Bluff Oyster season is well underway, and these briny delights are best enjoyed down south, as Emma Gleason discovers
It's the highlight in every seafood connoisseurs' calendar, the chapter of the year when Bluff oysters are harvested, served up and enjoyed around Aotearoa. Though this delicacy can be enjoyed in restaurants and eateries across the country, it's hard to surpass the taste of a fresh Bluff oyster at its namesake locale – Bluff.
Perched at the end of the South Island, Bluff is one of the pearls of Southland. A seaport town with a splash of tourism due to its economic focus on seafood and picturesque location, many oyster aficionados make a pilgrimage each year to enjoy these delicacies in situ. The region is also famed for its blue cod, which is well worth trying while you're down there.
We stayed at the appropriately named Land's End hotel. Right by the water at Stirling Point, it looks out across the dramatic expanse of the Foveaux Strait, with Rakiura Stewart Island on the horizon. One of a handful of accommodation options on booking.com for Bluff, it was an easy choice to make. As we were in Bluff in winter, we wanted to ensure that we would be comfortable and Land's End's listing boasted heated rooms, free Wi-Fi and a complimentary continental breakfast. Pictures showed a warm, cottage-style boutique hotel with a crackling fire. And it was by that fire that we found ourselves in the depths of July, watching the weather roll in and planning our oyster strategy.
First, we tried them au naturel at the hotel's neighbouring restaurant Oyster Cove. Delicate and briny, they were served up raw and fresh as could be, alongside some crusty bread. I washed mine down with a buttery chardonnay that, though squally weather was lashing at the window, was the perfect match for a delicacy like Bluff oysters.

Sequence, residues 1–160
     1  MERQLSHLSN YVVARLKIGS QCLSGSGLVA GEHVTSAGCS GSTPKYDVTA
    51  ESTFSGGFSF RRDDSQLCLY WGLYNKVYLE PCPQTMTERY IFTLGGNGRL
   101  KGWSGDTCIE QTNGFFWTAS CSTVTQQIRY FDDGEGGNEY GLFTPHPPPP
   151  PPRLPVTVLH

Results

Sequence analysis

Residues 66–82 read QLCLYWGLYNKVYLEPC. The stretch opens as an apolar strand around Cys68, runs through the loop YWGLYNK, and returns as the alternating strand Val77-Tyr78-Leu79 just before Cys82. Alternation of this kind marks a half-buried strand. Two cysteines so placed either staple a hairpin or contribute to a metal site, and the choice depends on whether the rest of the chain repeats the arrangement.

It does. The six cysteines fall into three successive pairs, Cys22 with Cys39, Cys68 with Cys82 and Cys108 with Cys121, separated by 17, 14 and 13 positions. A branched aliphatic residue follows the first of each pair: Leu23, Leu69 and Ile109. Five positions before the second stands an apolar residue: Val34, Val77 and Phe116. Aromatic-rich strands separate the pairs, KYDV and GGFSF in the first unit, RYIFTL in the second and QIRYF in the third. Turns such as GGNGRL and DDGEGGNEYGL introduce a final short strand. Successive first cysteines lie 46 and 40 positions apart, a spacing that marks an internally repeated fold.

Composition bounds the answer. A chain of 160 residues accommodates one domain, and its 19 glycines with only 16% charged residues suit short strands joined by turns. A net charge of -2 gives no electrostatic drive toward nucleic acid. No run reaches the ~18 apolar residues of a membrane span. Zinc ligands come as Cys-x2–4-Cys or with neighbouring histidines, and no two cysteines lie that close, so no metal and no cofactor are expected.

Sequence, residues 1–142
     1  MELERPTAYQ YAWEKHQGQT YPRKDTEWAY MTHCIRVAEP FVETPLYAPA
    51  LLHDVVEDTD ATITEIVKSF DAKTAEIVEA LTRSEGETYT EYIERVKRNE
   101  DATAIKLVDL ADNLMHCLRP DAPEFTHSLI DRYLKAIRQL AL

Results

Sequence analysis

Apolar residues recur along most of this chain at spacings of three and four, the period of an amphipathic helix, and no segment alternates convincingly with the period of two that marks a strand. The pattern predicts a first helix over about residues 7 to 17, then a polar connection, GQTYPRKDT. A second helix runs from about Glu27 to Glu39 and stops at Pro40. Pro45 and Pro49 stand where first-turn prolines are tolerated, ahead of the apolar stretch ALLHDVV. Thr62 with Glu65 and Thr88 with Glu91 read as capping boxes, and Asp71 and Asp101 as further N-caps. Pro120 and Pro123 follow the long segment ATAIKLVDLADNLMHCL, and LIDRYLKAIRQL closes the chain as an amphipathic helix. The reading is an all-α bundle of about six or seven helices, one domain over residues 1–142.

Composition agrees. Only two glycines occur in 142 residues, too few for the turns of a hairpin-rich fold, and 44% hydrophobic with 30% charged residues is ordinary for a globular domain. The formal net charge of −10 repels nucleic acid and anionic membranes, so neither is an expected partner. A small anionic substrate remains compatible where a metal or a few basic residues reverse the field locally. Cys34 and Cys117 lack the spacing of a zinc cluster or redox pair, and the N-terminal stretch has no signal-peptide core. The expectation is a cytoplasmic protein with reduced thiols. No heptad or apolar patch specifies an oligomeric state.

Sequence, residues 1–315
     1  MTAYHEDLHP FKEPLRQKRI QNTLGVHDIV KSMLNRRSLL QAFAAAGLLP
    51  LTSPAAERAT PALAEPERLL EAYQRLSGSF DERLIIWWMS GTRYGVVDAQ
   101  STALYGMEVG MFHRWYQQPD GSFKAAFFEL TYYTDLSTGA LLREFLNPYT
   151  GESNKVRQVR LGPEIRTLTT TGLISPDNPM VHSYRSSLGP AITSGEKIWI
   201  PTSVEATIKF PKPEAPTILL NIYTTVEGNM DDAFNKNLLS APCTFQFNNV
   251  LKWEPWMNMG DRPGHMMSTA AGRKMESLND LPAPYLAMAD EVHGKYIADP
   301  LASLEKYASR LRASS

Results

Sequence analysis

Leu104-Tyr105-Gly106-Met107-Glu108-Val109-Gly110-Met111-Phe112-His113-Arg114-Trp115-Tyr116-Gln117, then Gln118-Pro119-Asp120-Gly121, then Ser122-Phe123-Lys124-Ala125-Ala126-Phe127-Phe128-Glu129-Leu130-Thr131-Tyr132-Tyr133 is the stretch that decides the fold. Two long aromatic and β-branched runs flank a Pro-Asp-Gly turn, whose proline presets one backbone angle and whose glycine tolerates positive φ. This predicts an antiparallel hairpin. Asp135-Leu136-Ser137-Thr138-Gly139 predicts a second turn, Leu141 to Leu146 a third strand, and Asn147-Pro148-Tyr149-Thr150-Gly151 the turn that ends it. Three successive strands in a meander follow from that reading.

Bluff is only 30km from Invercargill and sits on a dramatic peninsula. It's overlooked by Motupōhue (Bluff Hill), which offers a commanding view of the coast if you can withstand the powerful wind, which we managed after lunch – just. Windswept and keen to explore the cinematic township, we then wandered along the main stretch of road that winds around the coast – old cottages, bungalows and Art Deco homes standing steadfast in the face of the southern winds.
We soon found ourselves at the pub for a cold beer: The Eagle on Gore St, with a characterful brick exterior and wood-panelling inside, giving shelter to a handful of locals. At only $11.60 for two handles, we felt like locals too. Hungry again – winter down south will do that to you – we headed into the nearby Galley takeaway shop.
We ordered battered oysters which, though some may think sacrilegious, are truly divine. So good in fact we ate them in the carpark, straight out of the paper wrapping with greasy, salty fingers while reading a copy of the Bluff Beacon that we'd picked up while we were there. As we bite in, the crisp golden batter gives way to reveal an oyster so tender it's almost melting, with its already rich, meaty flavour heightened from being cooked – an altogether different experience than the fresh ones we had earlier, but equally delicious.
There are countless ways to enjoy this famous delicacy in Bluff and the surrounding Southland area and, though the Bluff Oyster Festival in May is already sold out, visitors can enjoy oysters at eateries around the region, or buy your own directly from suppliers like Barnes Wild Bluff Oysters or Fowlers Oysters.
Book a visit to Bluff now and experience this special, salty corner of Aotearoa for yourself.
The Bluff Oyster Festival takes place on May 22. Tickets are sold out but you can enjoy oyster season in the region until August. bluff.co.nz
Find and book Land's End Hotel on booking.com